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New roommate leaves girlfriend conflicted

Published October 10, 2011 1:01 am
This is an archived article that was published on sltrib.com in 2011, and information in the article may be outdated. It is provided only for personal research purposes and may not be reprinted.

Dear Carolyn • My boyfriend of six months is looking for a new roommate, and has offered the room to a young woman who has just broken up with her boyfriend. I am a complete believer that men and women can be "just friends," and my boyfriend has earned my trust. Yet I find myself already exhausted at the idea of keeping my own insecurities in check. I don't want to prejudge this woman or make my boyfriend feel like I don't trust him, so should I put the kibosh on my irrational worries unless something actually fishy goes on?

Boyfriend's new roommate

Dear Roommate • Yes. But your worries aren't entirely irrational. While I agree that men and women can be just friends, proximity is also a huge factor in bringing couples together ("The One" mythology notwithstanding). And, yes, Boyfriend can be happy with you and still fall for her. That means you both need to be realistic: If there's any attraction between Boyfriend and Roommate, the rooming situation will fuel it. Of course, there's no way for you to assert your interests here that won't open you up to paranoia charges. "Please don't tempt fate by having a female roommate"? "Please choose someone gross"? Requests like these put your date on the defensive, and leave you marveling at how low you'll stoop. Please note that I'm not taking an "if it's meant to be ... " position; there's definitely a place for thoughtful choices. It's just that, at the six-month mark, you and he are neither established enough to feel beholden to each other, nor new enough to go your separate ways without pain. So, I could argue that both courses of action are appropriate for him to take — choosing only male roommates out of consideration for you (because even couples who are great for each other need to be mindful of gratuitous temptation), or choosing any roommate he wants. Given all that, I think your best bet is just to say, "I think there's an element of tempting fate with a female roommate, but objecting to it feels wrong, too," and let him figure things out from there. Or don't say anything and let the story play out. That puts us right back where we started, but that's not always the worst place to be.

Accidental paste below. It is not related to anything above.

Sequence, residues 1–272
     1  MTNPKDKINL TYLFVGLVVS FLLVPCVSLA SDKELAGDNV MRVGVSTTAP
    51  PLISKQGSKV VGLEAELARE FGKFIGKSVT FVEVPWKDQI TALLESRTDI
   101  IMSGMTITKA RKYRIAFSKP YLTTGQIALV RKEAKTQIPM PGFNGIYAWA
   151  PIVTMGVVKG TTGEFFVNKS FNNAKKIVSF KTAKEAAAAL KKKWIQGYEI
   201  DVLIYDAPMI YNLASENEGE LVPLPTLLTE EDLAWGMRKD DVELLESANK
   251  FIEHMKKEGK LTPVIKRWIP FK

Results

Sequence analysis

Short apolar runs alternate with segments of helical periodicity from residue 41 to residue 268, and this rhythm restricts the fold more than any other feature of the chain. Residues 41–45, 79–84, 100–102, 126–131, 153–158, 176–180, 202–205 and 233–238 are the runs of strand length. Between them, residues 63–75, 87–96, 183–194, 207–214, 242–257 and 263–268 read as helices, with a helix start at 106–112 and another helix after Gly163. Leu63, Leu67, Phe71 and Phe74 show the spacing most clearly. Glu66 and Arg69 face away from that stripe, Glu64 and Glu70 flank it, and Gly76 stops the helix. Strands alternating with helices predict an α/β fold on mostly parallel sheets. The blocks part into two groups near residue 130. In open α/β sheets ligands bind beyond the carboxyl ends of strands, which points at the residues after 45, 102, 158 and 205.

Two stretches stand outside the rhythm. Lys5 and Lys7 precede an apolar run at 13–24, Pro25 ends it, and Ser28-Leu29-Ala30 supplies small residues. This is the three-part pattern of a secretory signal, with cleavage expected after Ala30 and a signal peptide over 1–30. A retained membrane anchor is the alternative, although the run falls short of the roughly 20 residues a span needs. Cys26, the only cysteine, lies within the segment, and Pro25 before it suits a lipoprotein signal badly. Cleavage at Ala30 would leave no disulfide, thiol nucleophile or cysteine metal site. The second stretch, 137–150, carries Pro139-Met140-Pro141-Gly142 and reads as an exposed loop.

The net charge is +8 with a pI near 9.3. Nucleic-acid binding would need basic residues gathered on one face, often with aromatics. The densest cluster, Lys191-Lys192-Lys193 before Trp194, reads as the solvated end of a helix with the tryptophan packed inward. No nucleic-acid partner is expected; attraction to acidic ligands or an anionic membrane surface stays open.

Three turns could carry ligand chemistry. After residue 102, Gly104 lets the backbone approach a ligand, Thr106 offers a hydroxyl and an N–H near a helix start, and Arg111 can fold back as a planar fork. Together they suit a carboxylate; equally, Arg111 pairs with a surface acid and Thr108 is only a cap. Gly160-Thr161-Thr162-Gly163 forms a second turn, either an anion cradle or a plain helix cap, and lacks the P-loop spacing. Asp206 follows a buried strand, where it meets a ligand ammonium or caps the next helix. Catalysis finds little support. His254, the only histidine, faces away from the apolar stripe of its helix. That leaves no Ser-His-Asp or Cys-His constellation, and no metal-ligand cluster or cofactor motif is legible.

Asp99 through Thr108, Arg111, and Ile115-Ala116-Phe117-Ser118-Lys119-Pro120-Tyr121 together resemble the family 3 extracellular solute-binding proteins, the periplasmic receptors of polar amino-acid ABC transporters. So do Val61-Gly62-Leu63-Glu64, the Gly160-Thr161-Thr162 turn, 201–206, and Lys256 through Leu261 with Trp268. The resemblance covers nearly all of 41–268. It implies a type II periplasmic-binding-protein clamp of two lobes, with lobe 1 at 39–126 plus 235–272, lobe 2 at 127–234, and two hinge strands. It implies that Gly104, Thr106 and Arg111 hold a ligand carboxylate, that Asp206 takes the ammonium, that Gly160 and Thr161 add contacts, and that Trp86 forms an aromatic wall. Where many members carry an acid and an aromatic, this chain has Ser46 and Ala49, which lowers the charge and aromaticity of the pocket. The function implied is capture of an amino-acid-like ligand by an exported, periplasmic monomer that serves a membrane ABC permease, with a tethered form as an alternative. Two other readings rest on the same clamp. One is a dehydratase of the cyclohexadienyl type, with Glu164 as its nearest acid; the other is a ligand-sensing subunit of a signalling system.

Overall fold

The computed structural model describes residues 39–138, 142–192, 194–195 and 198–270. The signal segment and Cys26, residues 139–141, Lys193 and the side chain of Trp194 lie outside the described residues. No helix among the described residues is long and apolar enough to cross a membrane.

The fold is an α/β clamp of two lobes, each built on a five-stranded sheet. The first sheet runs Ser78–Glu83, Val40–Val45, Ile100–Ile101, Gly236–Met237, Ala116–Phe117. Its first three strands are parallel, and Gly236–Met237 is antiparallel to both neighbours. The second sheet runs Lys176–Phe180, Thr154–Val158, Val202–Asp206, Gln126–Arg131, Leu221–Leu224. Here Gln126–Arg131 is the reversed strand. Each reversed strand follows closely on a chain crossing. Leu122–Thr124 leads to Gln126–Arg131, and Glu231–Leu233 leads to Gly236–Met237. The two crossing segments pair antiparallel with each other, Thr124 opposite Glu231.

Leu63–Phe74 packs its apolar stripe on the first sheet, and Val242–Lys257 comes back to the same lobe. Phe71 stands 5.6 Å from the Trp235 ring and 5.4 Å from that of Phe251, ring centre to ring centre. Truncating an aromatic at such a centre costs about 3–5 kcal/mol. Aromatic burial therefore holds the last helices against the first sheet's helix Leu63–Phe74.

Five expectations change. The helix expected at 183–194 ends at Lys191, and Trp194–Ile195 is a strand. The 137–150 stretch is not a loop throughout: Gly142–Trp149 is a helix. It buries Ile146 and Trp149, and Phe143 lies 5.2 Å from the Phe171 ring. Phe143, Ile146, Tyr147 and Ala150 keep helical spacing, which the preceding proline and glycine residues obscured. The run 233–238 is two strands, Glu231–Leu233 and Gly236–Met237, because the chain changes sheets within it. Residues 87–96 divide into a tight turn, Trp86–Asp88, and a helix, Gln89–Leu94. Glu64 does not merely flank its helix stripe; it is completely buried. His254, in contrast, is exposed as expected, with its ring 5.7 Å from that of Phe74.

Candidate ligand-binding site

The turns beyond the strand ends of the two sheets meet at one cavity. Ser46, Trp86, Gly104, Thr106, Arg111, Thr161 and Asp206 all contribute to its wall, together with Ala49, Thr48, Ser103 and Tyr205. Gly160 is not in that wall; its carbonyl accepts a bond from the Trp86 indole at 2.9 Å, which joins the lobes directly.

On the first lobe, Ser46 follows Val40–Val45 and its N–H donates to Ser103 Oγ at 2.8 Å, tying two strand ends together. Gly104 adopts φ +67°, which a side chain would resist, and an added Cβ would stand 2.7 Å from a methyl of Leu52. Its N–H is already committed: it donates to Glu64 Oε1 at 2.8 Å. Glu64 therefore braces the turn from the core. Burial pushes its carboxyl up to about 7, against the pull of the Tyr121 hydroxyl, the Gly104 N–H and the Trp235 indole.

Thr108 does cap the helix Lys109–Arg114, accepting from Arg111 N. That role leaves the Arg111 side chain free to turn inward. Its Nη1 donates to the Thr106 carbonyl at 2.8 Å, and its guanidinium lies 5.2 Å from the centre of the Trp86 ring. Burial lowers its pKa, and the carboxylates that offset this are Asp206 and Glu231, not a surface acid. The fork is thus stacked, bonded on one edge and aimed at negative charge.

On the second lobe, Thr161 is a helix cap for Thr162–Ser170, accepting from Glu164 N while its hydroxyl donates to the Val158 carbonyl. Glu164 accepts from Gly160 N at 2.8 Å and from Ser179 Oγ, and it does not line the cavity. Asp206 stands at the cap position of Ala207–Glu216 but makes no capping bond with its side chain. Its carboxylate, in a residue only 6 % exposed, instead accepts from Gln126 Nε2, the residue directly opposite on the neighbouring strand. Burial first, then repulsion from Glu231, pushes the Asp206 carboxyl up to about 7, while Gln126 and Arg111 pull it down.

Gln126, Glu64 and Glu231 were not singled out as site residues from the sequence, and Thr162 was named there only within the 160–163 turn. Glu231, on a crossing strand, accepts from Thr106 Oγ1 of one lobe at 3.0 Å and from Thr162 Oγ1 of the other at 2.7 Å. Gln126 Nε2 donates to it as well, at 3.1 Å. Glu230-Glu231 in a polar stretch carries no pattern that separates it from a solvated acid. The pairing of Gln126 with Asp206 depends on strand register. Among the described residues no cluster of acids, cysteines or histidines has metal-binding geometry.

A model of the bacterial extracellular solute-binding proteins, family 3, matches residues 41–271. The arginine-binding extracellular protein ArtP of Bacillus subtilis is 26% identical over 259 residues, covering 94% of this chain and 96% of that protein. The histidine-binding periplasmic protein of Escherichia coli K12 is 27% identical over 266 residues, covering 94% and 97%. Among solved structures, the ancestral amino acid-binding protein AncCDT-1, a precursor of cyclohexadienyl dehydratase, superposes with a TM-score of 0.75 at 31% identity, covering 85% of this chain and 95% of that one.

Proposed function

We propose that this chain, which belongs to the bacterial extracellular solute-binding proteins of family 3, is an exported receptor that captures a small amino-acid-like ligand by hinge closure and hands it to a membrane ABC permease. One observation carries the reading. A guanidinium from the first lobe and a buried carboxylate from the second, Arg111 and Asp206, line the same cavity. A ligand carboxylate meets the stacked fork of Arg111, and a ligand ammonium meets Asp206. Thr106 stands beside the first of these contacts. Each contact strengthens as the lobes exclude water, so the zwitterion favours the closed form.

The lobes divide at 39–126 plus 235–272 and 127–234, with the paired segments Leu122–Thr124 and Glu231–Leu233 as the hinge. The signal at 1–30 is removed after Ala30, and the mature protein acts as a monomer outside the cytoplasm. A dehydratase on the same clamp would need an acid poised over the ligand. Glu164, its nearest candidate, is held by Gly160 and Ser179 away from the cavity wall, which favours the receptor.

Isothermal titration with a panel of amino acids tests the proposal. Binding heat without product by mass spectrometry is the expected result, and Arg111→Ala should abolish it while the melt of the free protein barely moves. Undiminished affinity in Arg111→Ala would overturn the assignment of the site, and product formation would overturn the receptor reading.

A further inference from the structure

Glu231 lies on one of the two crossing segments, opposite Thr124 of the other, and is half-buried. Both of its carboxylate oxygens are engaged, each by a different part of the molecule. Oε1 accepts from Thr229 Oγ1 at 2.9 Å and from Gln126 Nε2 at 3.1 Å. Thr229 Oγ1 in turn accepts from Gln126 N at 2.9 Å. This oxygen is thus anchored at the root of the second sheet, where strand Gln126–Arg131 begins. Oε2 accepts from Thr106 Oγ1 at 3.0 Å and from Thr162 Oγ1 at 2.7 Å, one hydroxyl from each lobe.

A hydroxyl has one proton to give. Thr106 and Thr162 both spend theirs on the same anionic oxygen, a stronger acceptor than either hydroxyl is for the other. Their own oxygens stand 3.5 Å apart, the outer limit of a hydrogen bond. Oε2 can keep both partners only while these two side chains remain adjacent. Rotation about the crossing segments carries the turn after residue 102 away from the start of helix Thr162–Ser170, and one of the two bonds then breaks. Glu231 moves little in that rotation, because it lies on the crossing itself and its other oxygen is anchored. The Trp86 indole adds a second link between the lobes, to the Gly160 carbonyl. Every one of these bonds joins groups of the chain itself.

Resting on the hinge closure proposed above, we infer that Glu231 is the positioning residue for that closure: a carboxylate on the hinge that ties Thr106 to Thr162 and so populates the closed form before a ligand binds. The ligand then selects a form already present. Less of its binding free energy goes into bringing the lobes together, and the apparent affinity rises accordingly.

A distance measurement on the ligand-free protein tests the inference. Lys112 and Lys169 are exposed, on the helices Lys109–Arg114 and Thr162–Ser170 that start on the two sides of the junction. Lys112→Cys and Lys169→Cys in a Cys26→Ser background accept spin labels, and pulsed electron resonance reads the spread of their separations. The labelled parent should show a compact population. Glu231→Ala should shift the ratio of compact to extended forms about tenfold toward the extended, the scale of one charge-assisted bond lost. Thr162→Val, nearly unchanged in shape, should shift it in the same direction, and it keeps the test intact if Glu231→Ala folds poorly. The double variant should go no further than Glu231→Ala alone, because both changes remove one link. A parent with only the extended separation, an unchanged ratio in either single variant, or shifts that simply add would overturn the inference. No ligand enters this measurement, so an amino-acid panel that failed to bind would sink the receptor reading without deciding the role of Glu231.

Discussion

Carolyn Hax's column runs Mondays, Wednesdays and Fridays.






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